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Election day: Most predictions of the next four years will be wrong (+video)

As President Obama or Mitt Romney will discover, the only predictable thing about foreign and domestic events is unpredictability. Woodrow Wilson didn't foresee World War I. Jimmy Carter called Iran an 'island of stability.' Terrorism got only brief mention in the 2000 Bush-Gore debates.

By John J. Pitney Jr. / November 5, 2012

Keefe Perkins votes in the presidential election on the last day of early voting in Colorado at the Arapahoe County Elections Facility on Nov. 2. Polls show the race between President Obama and Mitt Romney to be neck and neck. Op-ed contributor John J. Pitney Jr. says regardless of who wins, 'the fate of the administration will hinge on things that no one can predict....The winner of the 2012 election will face foreign and domestic jolts. He may even find surprises in his own soul.'

Ed Andrieski/AP

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Claremont, Calif.

Between now and the presidential inauguration on Jan. 20, there will be many predictions of what the next four years will bring. Most of those will be wrong. As it always does, the fate of the administration will hinge on things that no one can predict.

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COMMENTARY: Stephen Walt analyzes the many complex and vitally important issues underlying US-Middle East policy as part of the American Conversation Essentials series.

The future is full of unknowns. In 1912, Woodrow Wilson campaigned for president on domestic issues, and his 1913 inaugural address did not even mention the words “war” or “military.” When he delivered that speech, he surely had never heard of the man Gavrilo Princip. In 1914, this obscure young Serb assassinated Archduke Franz Ferdinand of Austria, triggering a chain of events that would result in World War I.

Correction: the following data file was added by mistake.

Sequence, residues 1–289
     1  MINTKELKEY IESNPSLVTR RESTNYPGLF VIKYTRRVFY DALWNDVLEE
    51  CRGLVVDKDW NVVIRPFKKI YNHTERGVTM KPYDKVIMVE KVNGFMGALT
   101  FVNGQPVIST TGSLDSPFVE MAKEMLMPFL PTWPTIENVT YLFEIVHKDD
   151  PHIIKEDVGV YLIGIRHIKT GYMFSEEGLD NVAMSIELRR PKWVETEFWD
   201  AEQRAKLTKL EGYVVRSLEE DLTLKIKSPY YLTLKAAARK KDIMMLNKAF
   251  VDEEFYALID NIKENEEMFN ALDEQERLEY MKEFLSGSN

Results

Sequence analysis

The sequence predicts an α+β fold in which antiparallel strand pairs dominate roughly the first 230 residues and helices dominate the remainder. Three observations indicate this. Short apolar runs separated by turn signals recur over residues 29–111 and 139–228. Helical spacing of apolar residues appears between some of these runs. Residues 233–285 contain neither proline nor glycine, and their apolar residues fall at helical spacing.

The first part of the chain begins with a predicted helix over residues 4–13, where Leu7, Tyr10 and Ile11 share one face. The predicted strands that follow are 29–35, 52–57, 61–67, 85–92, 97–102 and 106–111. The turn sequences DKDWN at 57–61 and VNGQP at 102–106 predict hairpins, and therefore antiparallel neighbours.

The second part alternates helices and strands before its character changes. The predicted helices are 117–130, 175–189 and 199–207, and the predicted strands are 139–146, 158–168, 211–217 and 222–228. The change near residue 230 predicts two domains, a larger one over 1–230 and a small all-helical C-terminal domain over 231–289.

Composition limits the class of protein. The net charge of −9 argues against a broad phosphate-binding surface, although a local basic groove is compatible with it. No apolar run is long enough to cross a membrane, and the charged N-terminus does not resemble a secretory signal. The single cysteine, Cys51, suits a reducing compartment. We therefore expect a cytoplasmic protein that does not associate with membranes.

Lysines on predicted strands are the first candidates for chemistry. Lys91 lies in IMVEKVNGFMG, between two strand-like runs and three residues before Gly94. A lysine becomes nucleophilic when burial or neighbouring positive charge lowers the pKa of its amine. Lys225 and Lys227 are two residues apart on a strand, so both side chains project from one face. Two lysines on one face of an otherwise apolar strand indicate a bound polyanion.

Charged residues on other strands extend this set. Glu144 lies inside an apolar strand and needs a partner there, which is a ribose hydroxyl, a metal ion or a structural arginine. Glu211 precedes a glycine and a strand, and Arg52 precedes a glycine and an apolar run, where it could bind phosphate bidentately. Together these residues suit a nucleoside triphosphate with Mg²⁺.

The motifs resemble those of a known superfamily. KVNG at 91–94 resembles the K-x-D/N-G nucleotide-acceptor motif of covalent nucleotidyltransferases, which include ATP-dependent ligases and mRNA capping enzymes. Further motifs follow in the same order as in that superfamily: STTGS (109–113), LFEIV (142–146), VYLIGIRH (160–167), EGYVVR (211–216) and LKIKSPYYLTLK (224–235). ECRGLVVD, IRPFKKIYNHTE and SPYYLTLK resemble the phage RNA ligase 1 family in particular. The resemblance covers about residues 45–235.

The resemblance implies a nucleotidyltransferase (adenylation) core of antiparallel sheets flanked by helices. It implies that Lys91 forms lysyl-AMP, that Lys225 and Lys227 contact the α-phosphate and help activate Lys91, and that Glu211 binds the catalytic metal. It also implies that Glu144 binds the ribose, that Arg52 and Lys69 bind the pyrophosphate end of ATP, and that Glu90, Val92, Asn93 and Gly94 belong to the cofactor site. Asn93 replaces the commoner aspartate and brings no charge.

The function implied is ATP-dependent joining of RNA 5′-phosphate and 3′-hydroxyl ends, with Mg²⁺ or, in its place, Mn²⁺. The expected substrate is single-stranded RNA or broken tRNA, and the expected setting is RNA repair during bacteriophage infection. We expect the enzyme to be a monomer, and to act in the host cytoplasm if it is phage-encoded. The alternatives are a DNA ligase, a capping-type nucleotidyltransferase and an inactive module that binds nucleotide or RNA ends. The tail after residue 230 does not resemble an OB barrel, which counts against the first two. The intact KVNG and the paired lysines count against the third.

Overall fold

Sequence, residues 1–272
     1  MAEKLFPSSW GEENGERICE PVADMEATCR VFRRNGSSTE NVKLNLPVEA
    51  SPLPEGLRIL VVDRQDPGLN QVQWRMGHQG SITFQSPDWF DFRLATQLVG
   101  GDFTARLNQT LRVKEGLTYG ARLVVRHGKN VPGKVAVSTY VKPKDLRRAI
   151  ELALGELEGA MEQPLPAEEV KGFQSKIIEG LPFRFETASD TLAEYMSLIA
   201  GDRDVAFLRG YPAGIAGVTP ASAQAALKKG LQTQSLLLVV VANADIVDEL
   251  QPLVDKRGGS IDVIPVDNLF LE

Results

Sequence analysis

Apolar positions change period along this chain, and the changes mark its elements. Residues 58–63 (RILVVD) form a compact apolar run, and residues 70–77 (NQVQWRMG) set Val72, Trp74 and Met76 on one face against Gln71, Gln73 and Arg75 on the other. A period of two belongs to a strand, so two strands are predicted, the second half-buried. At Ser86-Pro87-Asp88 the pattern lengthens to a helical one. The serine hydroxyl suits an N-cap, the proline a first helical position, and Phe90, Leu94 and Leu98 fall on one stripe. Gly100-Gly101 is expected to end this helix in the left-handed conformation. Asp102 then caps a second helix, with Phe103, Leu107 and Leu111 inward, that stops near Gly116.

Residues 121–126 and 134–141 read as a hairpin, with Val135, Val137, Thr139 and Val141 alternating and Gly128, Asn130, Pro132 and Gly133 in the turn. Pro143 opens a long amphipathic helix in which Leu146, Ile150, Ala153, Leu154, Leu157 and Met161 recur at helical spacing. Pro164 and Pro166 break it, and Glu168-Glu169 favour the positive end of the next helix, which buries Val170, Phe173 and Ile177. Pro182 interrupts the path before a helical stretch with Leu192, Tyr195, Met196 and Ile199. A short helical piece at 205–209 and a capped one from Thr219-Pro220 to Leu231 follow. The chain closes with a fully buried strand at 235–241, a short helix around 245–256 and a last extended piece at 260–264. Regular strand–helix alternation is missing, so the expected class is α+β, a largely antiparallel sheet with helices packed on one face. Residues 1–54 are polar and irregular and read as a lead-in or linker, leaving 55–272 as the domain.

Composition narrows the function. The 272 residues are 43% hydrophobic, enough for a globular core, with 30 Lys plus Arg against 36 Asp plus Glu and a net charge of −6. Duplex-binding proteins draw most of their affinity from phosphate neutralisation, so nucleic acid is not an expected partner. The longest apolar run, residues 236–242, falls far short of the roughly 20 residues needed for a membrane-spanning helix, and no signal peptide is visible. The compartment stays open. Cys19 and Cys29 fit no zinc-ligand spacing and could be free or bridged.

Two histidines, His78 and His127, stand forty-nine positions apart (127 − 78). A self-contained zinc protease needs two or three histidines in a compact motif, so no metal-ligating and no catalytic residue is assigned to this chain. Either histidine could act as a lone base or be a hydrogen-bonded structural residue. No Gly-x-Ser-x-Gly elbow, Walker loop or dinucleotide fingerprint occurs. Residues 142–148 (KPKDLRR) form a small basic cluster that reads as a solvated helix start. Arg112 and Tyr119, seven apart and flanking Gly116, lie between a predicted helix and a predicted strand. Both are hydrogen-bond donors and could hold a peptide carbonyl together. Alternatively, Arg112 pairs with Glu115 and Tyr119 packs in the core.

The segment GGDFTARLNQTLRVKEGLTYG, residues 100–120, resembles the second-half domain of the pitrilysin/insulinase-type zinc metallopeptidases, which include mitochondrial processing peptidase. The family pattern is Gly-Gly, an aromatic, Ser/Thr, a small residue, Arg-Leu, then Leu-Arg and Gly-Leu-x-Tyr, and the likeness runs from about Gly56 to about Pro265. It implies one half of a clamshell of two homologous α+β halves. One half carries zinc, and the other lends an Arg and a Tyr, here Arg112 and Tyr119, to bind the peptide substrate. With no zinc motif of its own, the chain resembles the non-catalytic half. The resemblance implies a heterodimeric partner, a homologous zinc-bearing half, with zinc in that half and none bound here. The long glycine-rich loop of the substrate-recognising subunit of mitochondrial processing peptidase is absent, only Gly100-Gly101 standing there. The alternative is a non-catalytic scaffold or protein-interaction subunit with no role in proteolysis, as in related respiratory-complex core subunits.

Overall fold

Closer to our own time, Jimmy Carter was another president whose campaign had a domestic emphasis. In 1976, he made brief remarks questioning the scope of arms sales to Iran, but otherwise had little to say about that country.

During his first year as president, he said: “Iran, because of the great leadership of the shah, is an island of stability in one of the more troubled areas of the world.” Within a couple of years, that island of stability had become a caldron of chaos. Revolutionaries deposed the shah and seized American hostages, launching a crisis that would become an obsession for the United States and a political disaster for Mr. Carter.

Around the same time, another country supplied another shock. Neither Carter nor Gerald Ford had talked about Afghanistan during their 1976 contest. In fact, “Afghanistanism” was a slang term for excessive concern with unimportant parts of the world.

In December 1979, Afghanistan suddenly became important when the Soviet Union invaded. Carter, who had once spoken of an “inordinate fear of communism,” said that the invasion “has made a more dramatic change in my own opinion of what the Soviets’ ultimate goals are than anything they’ve done in the previous time I’ve been in office.”

CIA-backed rebels eventually pushed the Soviets out, and Afghanistan again receded from the American mind. In the Bush-Gore debates of 2000, the name of the country never came up. Even more striking in hindsight is that the issue of terrorism got only fleeting attention from the candidates. Instead of arguing about who would get tougher against our enemies, candidate George W. Bush said – and Vice President Al Gore agreed – that the US should be a strong but “humble nation.”

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